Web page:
Do you feel like you know what the First Lady of the United States does during her time in the White House? I mean, what’s she up to?
Is she just there for photo opportunities? Does she stay cooped up in the White House all day? Or is she, conversely, more involved in the decisions the President makes than we might think?
We could all take a wild guess. Maybe there are some out there who know a bit more than the majority of us do, simply because they have more of an interest in the day to day activities of a particular First Family. If this sounds like you, now is your time to shine!
For those of us who know little more than what we see on the news about what goes on at the White House, Upstairs at the White House is an interesting read.
I feel like it’s fairly common for books of this sort to focus on the President of the United States himself. These books will focus on the political decisions that were made, the bills that were passed, the drama and the controversies that popped up along the way, etc…
Upstairs at the White House doesn’t deal with any of that.
J.B. West was the 6th Chief Usher of the White House, and he served under Presidents Roosevelt, Truman, Eisenhower, Kennedy, Johnson, and Nixon. As the Chief Usher, West was in charge of operations and household staff at the White House. He was the one who made sure everything ran smoothly, and a lot of his orders came directly from the First Lady.
This book doesn’t cover many political matters, and it doesn’t get into the drama that the news likes to focus on. You’re not going to learn much about the Kennedy assassination, and you’re not going to learn about the Watergate scandal.
Instead, you’re going to learn about each First Lady, and what things were like around the White House as she served in her role. You’ll have a chance to decide who is your least favorite (Mrs. Eisenhower. aka Dolores Umbridge) and who is your favorite (Mrs. Kennedy).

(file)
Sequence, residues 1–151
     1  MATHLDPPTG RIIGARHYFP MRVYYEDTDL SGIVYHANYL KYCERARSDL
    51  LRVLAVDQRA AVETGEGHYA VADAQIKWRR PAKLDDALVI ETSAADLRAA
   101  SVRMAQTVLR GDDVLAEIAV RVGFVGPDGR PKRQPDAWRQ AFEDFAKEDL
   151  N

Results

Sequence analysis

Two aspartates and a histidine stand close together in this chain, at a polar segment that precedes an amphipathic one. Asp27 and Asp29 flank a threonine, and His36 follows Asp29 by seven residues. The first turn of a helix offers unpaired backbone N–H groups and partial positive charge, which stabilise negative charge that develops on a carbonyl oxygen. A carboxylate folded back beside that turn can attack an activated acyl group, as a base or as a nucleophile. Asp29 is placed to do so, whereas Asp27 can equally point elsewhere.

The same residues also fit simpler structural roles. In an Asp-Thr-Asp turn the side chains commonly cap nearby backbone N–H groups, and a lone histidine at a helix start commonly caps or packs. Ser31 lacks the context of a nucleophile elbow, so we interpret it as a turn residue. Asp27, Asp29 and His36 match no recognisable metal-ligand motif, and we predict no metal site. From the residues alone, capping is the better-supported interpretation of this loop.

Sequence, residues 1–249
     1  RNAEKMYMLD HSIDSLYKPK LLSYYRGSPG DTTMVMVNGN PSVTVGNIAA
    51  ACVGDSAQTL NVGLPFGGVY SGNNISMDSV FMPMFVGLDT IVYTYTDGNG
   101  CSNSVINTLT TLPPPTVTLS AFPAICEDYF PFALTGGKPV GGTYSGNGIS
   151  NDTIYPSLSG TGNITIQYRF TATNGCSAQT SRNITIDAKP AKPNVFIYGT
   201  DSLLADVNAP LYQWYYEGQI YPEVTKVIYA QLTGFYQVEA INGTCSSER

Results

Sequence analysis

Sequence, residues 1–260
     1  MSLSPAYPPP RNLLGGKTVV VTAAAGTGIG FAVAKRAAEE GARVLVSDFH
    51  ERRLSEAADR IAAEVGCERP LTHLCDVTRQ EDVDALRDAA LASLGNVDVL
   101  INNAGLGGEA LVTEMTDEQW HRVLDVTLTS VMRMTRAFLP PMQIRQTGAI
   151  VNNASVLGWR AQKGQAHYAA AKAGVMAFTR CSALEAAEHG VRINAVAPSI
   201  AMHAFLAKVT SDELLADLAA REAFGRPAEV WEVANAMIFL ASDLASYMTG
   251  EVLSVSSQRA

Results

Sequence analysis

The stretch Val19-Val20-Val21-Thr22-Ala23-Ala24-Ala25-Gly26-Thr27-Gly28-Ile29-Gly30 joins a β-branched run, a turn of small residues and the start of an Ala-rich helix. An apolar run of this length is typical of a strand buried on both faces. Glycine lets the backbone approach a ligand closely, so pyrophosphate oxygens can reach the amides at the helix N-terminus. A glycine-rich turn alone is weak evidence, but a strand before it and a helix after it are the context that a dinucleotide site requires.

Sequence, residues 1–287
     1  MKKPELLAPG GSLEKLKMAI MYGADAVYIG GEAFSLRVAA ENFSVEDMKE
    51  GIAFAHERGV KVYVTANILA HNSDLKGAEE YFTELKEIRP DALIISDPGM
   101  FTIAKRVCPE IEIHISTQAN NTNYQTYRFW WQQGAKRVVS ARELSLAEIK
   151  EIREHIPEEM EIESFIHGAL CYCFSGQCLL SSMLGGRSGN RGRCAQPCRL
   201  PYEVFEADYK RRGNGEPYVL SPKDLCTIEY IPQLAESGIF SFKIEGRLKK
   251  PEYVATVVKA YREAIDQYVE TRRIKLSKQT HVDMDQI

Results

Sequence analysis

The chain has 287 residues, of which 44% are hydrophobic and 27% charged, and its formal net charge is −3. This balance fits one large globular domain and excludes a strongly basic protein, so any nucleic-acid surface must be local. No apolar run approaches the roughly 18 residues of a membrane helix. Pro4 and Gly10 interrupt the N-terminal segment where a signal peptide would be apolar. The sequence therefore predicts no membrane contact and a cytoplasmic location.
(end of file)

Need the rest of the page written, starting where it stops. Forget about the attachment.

Upstairs at the White House gives you a behind the scenes look at what life is like in the White House during a particular presidency, and it’s interesting how each First Lady is different. They each have their own style when redecorating the White House, and they have different ideas of how things should be run.
You’ll also learn a lot about finances, as far as what things are paid for by the government and what things are paid for by the president and his wife. Those are topics I knew nothing about, and I don’t imagine many people would feel comfortable enough explaining it on their own.
I will say – as far as the writing is concerned – that I didn’t feel there was much excitement, and there were missed opportunities to capitalize on funny moments that instead seemed to be glossed over.
This is a book that I would recommend purely because I found the content interesting, not because it was written in a particularly amazing manner.